Meanwhile, on July 27, 2018, the district court granted the City's motion for partial summary judgment and denied the DOJ's motion to dismiss. The court held that in light of a 2018 Supreme Court decision, the anti-commandeering analysis was now "whether Section 1373 'evenhandedly regulates an activity in which both States and private actors engage,' as opposed to regulating activities undertaken by government entities only, thus conscripting state action in the implementation of a federal scheme." The court then held that § 1373 violated the Tenth Amendment on its face because it did not "evenhandedly regulate activities in which both private and government actors engage;" rather, it requested immigration information be provided to federal authorities by local government employees acting in their official, state-employed capacities.
Further, Judge Leinenweber held that the DOJ still had not proven its statutory authority to impose the notice and access funding conditions and so the Seventh Circuit's prior reasoning in affirming the earlier injunction controlled. The Judge also held that while the compliance funding conditions were likely within statutory authority, they were otherwise unconstitutional and therefore not subject to such analysis. Finally, the court held that the pending Seventh Circuit rehearing did not bar the district court from granting this new injunction, though it limited the injunction to just Chicago pending the Seventh Circuit's rehearing en banc. 321 F.Supp.3d 855.
The DOJ again appealed this latest injunction to the Seventh Circuit. On August 10, 2018, the Seventh Circuit vacated its prior order granting a rehearing en banc in order to avoid piecemeal appeals. The Court found that because of the district court's July 27 decision (and its intent to enter a permanent injunction), the preliminary injunction had become meaningless and the appeals process needed to restart. So, the Court maintained the stay of the nationwide scope of the earlier injunction until the district court issued a proper permanent injunction under Federal Rule of Civil Procedure 65, and it indicated it would hear an appeal once there was a final judgment from the lower court. 2018 WL 4268814.
The district court then entered final judgment on August 15, 2018 in favor of the City and against the DOJ. Once again, the DOJ appealed to the Seventh Circuit (docket no. 18-02885).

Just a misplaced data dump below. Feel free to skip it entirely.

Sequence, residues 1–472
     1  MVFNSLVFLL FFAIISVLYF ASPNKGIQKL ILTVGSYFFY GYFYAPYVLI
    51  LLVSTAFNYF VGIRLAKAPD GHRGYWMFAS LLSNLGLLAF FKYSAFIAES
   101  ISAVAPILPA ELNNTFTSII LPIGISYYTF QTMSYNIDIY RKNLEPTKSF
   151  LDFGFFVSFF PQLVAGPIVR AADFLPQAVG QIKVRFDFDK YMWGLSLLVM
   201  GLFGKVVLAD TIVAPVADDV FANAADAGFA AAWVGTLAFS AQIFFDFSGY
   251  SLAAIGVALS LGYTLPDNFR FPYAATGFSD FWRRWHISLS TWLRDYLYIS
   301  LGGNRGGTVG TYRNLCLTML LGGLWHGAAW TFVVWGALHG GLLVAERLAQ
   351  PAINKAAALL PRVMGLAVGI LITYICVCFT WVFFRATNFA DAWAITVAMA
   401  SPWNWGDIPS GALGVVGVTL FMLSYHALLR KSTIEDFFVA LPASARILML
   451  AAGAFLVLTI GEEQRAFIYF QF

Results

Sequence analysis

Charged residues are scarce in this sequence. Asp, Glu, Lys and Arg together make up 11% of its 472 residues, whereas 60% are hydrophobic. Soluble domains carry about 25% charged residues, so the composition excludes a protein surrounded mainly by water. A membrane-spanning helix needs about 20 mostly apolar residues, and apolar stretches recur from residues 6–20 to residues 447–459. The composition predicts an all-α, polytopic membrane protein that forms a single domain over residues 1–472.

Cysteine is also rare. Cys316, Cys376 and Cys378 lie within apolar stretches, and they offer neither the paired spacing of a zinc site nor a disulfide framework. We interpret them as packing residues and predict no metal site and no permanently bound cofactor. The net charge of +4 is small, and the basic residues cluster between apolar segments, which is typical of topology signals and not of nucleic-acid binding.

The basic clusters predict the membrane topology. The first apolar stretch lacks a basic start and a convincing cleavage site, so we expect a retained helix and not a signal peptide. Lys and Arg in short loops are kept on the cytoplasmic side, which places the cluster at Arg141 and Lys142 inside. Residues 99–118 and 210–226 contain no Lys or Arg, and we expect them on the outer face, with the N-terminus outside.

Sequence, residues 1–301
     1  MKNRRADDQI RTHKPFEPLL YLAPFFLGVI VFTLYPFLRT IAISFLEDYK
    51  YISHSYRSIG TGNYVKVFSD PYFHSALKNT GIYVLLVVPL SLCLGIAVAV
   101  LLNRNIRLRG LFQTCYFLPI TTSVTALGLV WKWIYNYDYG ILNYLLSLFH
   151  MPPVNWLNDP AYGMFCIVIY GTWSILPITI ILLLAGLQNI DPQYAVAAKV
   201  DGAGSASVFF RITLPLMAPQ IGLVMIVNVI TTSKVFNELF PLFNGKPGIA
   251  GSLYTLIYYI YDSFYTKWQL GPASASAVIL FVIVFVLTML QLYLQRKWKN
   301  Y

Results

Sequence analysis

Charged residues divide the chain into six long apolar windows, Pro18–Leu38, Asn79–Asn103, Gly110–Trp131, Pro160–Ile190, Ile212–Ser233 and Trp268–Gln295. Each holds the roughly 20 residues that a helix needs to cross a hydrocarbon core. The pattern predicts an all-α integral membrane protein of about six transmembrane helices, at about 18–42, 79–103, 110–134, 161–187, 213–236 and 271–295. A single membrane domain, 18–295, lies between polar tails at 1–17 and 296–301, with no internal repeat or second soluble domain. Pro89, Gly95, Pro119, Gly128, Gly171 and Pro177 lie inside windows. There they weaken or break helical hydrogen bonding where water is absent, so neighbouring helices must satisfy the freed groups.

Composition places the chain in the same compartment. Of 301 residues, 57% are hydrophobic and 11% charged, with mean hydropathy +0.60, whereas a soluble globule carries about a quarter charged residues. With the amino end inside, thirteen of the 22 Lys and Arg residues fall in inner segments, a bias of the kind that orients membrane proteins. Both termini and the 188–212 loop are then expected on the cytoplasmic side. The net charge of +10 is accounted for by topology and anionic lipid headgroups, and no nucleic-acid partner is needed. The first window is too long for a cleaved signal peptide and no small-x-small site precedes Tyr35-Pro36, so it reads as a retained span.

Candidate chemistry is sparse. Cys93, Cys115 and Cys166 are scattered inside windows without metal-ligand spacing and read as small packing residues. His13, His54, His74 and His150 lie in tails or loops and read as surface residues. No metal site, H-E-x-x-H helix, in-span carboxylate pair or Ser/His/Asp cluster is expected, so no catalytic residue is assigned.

The Seventh Circuit heard oral argument on April 10, 2019.
On October 12, 2018, the City of Chicago had filed another lawsuit in this district court, again challenging the imposition of immigration-related conditions on federal funding, but for FY2018 grants (City of Chicago v. Sessions III). The case was also assigned to Judge Leinenweber. The challenged conditions in that case were almost identical to those presented here, and on September 19, 2019, Judge Leinenweber granted summary judgment to the city of Chicago and entered a permanent injunction. The nationwide scope of that injunction was also stayed due to the pending appeal of the injunction in this case. The government also appealed that injunction to the Seventh Circuit.
Consequently, on November 20, 2019, the Seventh Circuit ordered the appeals in these two cases to be consolidated for purpose of disposition.
On April 30, 2020, the Seventh Circuit affirmed Judge Leinenweber's grant of injunctive relief to Chicago and extended it nationwide. The Court found that while the executive branch has significant powers in the realm of immigration, it does not have Congress' power of the purse and thus cannot withhold Byrne JAG grants in order to force Chicago to alter its behavior. The Court affirmed the district court's grants of declaratory relief to Chicago, finding that the Attorney General exceeded the authority delegated to him by Congress in imposing the challenged conditions to the FY2017 and FY2018 grants, and that the Attorney General's decision to impose the conditions in both years violated the separation of powers.
The Court found it unnecessary to reach the constitutionality of § 1373 under the anti-commandeering doctrine. The government had relied on language in 34 U.S.C. § 10153 to support its imposition of the compliance condition. § 10153 states that in a request for a grant, the application shall include a certification that the applicant "will comply with all provisions of this part and all other applicable Federal laws." The government had argued that the reference to "all other applicable Federal laws" allowed it to require that applicants certify compliance with § 1373. However, the Seventh Circuit disagreed with this interpretation and instead found that the phrase could not be construed so broadly as to encompass all federal laws that applied to states or localities, including federal immigration statutes.
The Court also held that a nationwide injunction was proper due to the interconnected nature of applicants for the Byrne JAG grants. In order for the grant amounts to be properly calculated for Chicago, the Court held that the unlawful conditions could not be imposed elsewhere. Finally, the Court remanded for the district court to determine whether any other injunctive relief was appropriate in light of its determination that § 10153 could not be used to incorporate laws unrelated to the grants or grantees. 957 F.3d 772.
The case is ongoing.
Ava Morgenstern (5/5/2018)
Virginia Weeks (9/5/2018)
Sam Kulhanek (5/14/2020)
For PACER's information on parties and their attorneys, see: https://www.courtlistener.com/docket/6133859/parties/the-city-of-chicago-v-sessions-iii/
Abbuhl, Joshua (District of Columbia)
Adegbile, Debo Patrick (New York)
Allen, Katherine T. (District of Columbia)
Apostolides, George P. (Illinois)
Badlani, Chirag (Illinois)
Bauer, William Joseph (Illinois)
Garza, Reynaldo Guerra (Texas)
Leinenweber, Harry Daniel (Illinois)
Manion, Daniel Anthony (Indiana)
Rovner, Ilana Kara Diamond (Illinois)
See docket on RECAP: https://www.courtlistener.com/docket/6133859/the-city-of-chicago-v-sessions-iii/
Last updated June 30, 2023, 3:18 a.m.
State / Territory: Illinois
Filing Date: Aug. 7, 2017
Case Ongoing: Yes
City of Chicago
Public Interest Lawyer: Yes
Filed Pro Se: No
Class Action Sought: No
Class Action Outcome: Not sought
Causes of Action:
Prevailing Party: Plaintiff
Nature of Relief:
Source of Relief:
Order Duration: 2018 - None
Content of Injunction: